The Silk Road goes back to the Han Dynasty - 200 BC or so ... I expect the Greeks and Romans realised the benefits to be accrued by tapping into it ...

How interesting that your eBay items might be post-marked Belgium - one of the earlier inland terminals ... who knows you might be able to go down the road and pick up your orders! I'll be interested to hear ...

@ Steve - I gather some of the trains are being modernised or updated to tap into the tourist trade ... and most of you use your cars ... easier I guess. We don't talk about trains down here - our Southern Rail Service is appalling ... I'm so glad I don't go to work that way ...

@ Denise - yes the Turner painting is so evocative of his times ... but what foresight to see into the future ...

The north American trains are soooo long - now they're getting longer!

The containers are moved across onto new bogies (Chassis - wheel bases) ... nothing needs to be unpacked ... but who knows whether they will change the track or lay a new one/new ones ... the Gazette I link to has some interesting information on the logistics of this aspect. High tech logistics knowledge is being put to good use ...

@ Jo - I might well be going crazy - but couldn't resist this. I can imagine your waits can be looooong... I've experienced one or two. Remember to choose the correct container! - otherwise you might find just beer?!

Logistically they'll work something out for easing the passage of each of the container chassis ....

Thanks everyone - great comments ... the Railway Gazette article has some amazing information in it ... if you get a chance: give it a read ... cheers Hilary

DMS said...

What an interesting post! So much history to think about! I enjoyed learning about the past and it is important to think about how goods move today. Things keep chugging along. ;)

Hope you have a wonderful week!
~Jess

Janie Junebug said...

As usual, I learn so much from you. I have a new word in my vocabulary, which always makes me happy.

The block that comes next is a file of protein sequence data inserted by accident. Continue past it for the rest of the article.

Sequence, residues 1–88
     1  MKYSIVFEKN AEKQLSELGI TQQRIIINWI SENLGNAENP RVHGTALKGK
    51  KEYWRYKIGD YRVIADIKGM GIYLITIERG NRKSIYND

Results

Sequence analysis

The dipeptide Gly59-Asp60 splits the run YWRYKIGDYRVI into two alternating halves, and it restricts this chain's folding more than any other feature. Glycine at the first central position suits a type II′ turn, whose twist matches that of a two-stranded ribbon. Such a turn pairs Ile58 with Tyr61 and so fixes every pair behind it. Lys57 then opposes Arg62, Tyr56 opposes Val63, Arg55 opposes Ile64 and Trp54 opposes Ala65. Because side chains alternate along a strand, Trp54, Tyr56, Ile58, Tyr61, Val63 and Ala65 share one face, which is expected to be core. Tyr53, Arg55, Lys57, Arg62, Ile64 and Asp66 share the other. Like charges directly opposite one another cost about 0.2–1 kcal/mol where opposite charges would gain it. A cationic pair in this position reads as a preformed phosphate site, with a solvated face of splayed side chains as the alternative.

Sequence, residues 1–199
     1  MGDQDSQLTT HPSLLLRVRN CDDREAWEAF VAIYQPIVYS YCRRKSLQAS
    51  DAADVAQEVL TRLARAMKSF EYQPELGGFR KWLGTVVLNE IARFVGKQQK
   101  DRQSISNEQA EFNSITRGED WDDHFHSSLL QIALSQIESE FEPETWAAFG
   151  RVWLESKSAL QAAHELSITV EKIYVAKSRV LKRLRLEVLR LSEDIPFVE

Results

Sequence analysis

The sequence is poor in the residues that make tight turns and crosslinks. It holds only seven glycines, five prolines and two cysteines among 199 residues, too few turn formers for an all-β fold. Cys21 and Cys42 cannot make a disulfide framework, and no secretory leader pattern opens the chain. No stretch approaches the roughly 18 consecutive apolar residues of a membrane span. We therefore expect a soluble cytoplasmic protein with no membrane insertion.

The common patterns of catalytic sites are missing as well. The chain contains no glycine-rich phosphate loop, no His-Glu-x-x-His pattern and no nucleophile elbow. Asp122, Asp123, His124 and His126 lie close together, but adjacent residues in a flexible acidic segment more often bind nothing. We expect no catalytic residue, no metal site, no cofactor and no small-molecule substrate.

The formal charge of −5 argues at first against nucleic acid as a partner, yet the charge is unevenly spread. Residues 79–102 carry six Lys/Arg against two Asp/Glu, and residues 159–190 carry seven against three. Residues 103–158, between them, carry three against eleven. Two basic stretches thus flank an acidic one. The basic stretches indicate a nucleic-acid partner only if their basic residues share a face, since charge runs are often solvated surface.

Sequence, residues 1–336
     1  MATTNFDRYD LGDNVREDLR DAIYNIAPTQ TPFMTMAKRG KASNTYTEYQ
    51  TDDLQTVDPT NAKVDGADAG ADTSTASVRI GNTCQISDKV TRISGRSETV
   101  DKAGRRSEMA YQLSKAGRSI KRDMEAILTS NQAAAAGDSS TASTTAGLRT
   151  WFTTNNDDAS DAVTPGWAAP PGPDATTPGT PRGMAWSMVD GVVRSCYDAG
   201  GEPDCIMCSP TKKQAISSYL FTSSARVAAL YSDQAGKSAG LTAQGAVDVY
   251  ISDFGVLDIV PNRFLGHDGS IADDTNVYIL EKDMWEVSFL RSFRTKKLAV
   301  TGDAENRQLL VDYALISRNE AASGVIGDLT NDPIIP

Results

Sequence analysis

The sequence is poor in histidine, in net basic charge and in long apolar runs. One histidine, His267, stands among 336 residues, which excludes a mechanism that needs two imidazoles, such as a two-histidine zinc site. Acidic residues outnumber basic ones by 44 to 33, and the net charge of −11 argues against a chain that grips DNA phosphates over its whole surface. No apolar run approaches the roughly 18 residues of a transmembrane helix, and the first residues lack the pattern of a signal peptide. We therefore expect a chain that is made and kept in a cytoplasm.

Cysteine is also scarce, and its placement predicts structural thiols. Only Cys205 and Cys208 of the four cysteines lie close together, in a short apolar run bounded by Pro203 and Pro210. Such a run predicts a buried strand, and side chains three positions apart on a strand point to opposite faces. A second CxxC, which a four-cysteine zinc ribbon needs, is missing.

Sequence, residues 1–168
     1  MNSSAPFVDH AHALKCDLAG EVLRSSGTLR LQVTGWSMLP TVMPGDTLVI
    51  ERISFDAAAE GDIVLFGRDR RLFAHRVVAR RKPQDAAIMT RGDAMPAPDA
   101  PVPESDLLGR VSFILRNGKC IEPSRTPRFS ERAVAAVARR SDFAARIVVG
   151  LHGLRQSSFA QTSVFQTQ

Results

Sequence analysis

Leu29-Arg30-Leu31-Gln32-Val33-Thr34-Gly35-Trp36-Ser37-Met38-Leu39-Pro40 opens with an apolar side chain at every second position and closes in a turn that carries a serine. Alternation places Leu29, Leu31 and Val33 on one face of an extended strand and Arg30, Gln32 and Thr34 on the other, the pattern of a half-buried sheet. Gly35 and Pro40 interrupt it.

Love,
Janie

Sue McPeak said...

What a fascinating history lesson. Really enjoyed reading about a Ferroequinologist's delight from there to China! Such a different view than as Alex commented...America's coast to coast connection. Thanks for stopping by CollectInTexas Gal today. I've missed you. Looking forward to seeing what changes are coming for AtoZ. I may be out of the loop, but we will see.

Liz A. said...

Everything old is new again...

Denise Covey said...

Hi Hilary! Trains are fascinating, aren't they? Nothing like taking the occasional tourist steam train ride to see how it used to be, to partake of history first hand. I was as amazed as you when I read your account of the Chinese train from Yiwu. Who would have thunk?? And the amount of goods which criss cross nations on trains?

In Oz, our train system is so last century. We've devoted ourselves to cars, tunnels and high-speed highways. The fondest hope of many of us is a high-speed train between the capital cities along the east coast--Brisbane, Sydney, Canberra, Melbourne, seeing our distances are so vast, but hey, a politician only sits for 3 years and could care less, unfortunately. It would be such a boost to tourism and travel, so go figure.

Have a great week. Stay dry!

Denise :-)

D.G. Hudson said...

I'm a big fan of trains as hubs was a train engineer and was a career railway man. We would even take side trips to see small railways when we traveled about. We have also taken VIA rail from BC to Alberta to meet family once, and got to see the northern version of the Rockies before the Rocky Mountaineer route was established. As always, Hilary, you choose an interesting subject.